Our call to carry our cross

I sound like a broken record most of the time. I preach about what our calling as Christians is and for many of you, it is a message that you are tired of hearing. But like the prophet Jeremiah in this Sunday’s first reading, I cannot be silent for the message burns in my soul.

As I write this blog post, I am sitting on my porch watching the hurricane’s effects on my neighborhood. Much like many Christians today, we see them act in a manner that is inconsistent with their claim of following Jesus. With a hurricane we expect destruction and damage. With Christians we expect love and compassion. Sadly, we see very little love and compassion from Christians anymore.

In the aftermath of this hurricane there will be Christians who will claim that the destruction it wrought was caused by God’s anger for the way people live. Instead they should see this as an opportunity to help out those effected by the hurricane rather than condemn them as evil people. This is a time for true Christians to step up and show what Jesus would do in this situation.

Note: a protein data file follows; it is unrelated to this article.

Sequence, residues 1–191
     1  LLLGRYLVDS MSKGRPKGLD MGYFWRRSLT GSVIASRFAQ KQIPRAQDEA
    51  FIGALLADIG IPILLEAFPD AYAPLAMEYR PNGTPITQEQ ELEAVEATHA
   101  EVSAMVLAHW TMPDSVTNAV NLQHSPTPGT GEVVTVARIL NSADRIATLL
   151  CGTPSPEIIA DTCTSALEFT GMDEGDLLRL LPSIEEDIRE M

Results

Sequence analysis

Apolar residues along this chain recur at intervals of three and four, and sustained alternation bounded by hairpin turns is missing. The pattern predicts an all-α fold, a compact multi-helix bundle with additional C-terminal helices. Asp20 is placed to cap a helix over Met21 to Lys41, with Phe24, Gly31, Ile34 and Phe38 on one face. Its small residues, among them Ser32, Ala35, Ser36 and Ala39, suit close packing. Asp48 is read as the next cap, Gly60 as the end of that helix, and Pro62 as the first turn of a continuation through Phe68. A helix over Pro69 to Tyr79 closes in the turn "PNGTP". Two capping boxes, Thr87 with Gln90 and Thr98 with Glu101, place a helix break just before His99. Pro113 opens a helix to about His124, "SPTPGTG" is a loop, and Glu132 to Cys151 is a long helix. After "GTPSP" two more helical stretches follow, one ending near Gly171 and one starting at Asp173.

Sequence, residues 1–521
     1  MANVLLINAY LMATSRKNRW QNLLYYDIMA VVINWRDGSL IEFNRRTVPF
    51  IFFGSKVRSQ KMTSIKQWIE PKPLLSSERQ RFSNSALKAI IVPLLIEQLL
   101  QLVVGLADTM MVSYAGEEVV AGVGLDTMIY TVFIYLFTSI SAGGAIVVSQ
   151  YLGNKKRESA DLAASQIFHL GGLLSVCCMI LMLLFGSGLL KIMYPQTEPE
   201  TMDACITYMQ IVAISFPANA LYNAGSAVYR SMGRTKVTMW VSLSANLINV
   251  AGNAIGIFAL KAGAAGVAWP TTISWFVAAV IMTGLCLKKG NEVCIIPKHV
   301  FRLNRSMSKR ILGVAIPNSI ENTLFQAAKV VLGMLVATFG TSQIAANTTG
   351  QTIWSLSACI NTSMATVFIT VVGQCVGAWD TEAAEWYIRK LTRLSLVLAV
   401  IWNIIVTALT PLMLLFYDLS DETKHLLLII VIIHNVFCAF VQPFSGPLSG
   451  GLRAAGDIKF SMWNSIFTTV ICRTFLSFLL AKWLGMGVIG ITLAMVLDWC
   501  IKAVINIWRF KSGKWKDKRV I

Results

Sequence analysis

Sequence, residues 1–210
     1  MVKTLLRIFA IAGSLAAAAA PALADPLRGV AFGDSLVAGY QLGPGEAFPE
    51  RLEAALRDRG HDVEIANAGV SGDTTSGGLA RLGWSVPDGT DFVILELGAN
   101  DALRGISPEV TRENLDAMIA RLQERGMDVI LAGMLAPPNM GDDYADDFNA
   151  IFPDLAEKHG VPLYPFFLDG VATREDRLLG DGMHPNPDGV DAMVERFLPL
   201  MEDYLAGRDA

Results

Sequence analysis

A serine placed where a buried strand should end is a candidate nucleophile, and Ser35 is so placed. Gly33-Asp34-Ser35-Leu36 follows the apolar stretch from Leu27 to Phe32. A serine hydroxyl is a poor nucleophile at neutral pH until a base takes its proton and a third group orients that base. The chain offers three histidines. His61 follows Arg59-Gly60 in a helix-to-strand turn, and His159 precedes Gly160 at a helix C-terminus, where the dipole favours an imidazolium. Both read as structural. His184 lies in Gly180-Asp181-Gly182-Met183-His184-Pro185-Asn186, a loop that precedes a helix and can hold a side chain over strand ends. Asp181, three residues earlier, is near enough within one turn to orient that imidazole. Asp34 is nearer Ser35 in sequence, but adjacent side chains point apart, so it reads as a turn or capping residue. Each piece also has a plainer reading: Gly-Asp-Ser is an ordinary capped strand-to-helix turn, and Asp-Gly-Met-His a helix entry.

Sadly, it is not just the Christian laity that need to hear this message. Clergy too have lost their way when it comes to Christian compassion and love. They have forgotten what it means to take up their cross and follow our savior. Instead they view themselves as better than others. They lash out when held accountable for their own actions or lack of action. They pound their chest in “righteous indignation” over the way they are treated. They refuse to take instruction from someone they view as being beneath them.

We can all learn from one another. We are called to be “iron sharpening iron”. And that does not mean that we do it in an abrasive way. We should teach and learn in kindness, compassion, and love. We should take up our crosses and follow our Savior everyday, not counting the cost. Ministry and the call of Christianity is to leave everything behind for the call of the Kingdom of God. And that is not easy, but in the end it is worth it.

This is a time of self-reflection and examination of our calling. It is a time to ask ourselves if we are truly willing to lay down our lives for the call of Christ. Are we willing to be true Christians or are we content being Christians in name only? Before you point out the speck in your brother’s eye, maybe take a moment to examine the plank in your own.

Pax et Bonum,

Bishop Greer